During Rockie and Irene Burrow’s second term in Bolivia, Alison was born in 1949 and Robert in 1951, but by 1952, 3-year old Alison had contracted polio. They returned to Adelaide for treatment and during the 6-week boat trip, Alison’s paralysed legs responded to Rockie’s massage. Extended leave aided her recovery, including some time at Minlaton, where Rockie pastored the local Baptist Church, with a donated cow to supply milk.

The family returned to Bolivia in 1955 with enough clothes to last for the next 6 years, plus a knitting machine so that Quechua women could knit llama wool jumpers for export to give them an income. Rockie developed other suitable crafts and industries to assist the Quechua people to help themselves financially. He continued lecturing in the Quillacollo Quechua Bible Institute, not far from Cochabamba, where he also oversaw the building of a church, which is still in use to this day and was visited a few years ago by his nephew Paul Burrow, who had also grown up in Bolivia.


During the next furlough in 1961, the family photo was used on the cover of a vinyl record of Irene’s beautiful rendition of nine Gospel songs and hymns. It was recorded here at Burnside, by some Technicians from Radio 5AD (the Advertiser Broadcasting Network), with the church organist and pianist.

Rockie, Irene and Robert returned to Bolivia without Alison, who needed to complete her secondary schooling, so she stayed with Rockie’s older brother Allan, (by then the Principal of NZ Bible College).

Rockie continued his lecturing, supported by Irene, but during this time Irene was treated for cancer and had to go to USA for radiation treatment in 1964.


Then sadly, after close to 30 years of missionary service and Bible teaching, from 1937 to 1966, they returned to Adelaide because of Irene’s ongoing poor health.

Rockie was pastor here at Burnside from 1967 to 1973 and he and Irene lived in the manse across the road in Nilpinna St.

As well as preaching, Rockie taught 4 Religious Instruction classes at Burnside, Marryatville and Linden Park Primary Schools. Like his father Pastor Reg., Rockie was able to produce very creative visual aids to illustrate children’s talks at church and for RI, using cardboard, or wood, with movable parts and simple texta labels. Children were intrigued to discover how the teaching aid could relate a Christian message.

In spite of ongoing health issues, Irene faithfully supported Rockie in his pastorate at Burnside, in home visiting, involvement at ladies meetings and sang soprano in the choir.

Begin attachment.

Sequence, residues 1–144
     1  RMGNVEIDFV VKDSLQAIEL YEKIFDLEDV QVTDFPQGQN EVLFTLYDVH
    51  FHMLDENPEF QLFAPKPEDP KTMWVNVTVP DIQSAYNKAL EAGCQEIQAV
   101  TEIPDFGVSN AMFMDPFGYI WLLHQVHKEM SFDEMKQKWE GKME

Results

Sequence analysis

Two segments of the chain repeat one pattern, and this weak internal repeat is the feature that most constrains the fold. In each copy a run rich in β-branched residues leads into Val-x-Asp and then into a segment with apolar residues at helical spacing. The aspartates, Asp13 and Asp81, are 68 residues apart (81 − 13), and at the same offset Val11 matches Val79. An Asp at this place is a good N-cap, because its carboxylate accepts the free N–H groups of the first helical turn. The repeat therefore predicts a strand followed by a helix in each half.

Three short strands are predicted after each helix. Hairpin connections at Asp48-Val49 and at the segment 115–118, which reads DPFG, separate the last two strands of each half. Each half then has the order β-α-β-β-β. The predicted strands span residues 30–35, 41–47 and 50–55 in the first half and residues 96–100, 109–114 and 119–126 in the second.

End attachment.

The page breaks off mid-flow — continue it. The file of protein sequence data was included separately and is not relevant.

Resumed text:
In 1973 they moved to a position lecturing in Old Testament studies at Tahlee Bible College, NSW, which prepared many young adults for missionary service. Irene died there in 1975, having continued to acknowledge her trust in God for her future as her health deteriorated. 


Rockie continued lecturing at Tahlee and a few years later married his cousin Winnie Burrow, after her return from 26 years of missionary service in Borneo.

They retired from Tahlee in 1982 and returned to Burnside, where Rockie served as an Elder until 1998 with many opportunities to preach.

They were both actively involved in Kids Club, which had begun in the mid 1980s and helped with stories, craft and counselling, as long as they were able. Rockie used simple drawings and aids backed with foam, for use on a flannel graph board for Kids’ Club talks.


There were also many years of faithful preaching and teaching at Auldana Home at Magill, Holden Hill Christian Fellowship and a Spanish speaking group, where Rockie carefully planned and presented stories using Overhead projector sheets. He utilised the special stick figures, which he called Little Jets, developed decades earlier when teaching children in Bolivia, e.g. this is one page of 9 for the story of Ruth and Boaz in Spanish.

Together Rockie and Winnie continued their prayerful and practical support of various missions, especially Christian radio FEBC and SIM (which had amalgamated with the Andes Evangelical Mission, formerly Bolivian Indian Mission). 

Eventually Winnie’s health and memory began to fail and she died in 2002. 

When Rockie’s health deteriorated in 2013, he moved to Residential Care, where his missionary outreach continued as he witnessed to staff and residents.

Many of the congregation will remember that Rockie, although deaf and almost totally blind, memorised his special, final, public sermon for the church’s 150th Anniversary in November 2014, a few days after he reached the age of 100.

Rockie continued his fervent interest and regular prayer support of friends, church folk, missionaries and missions, until finally the 101 year old missionary and prayer warrior left this life on September 24th, 2016, for that longed for better one.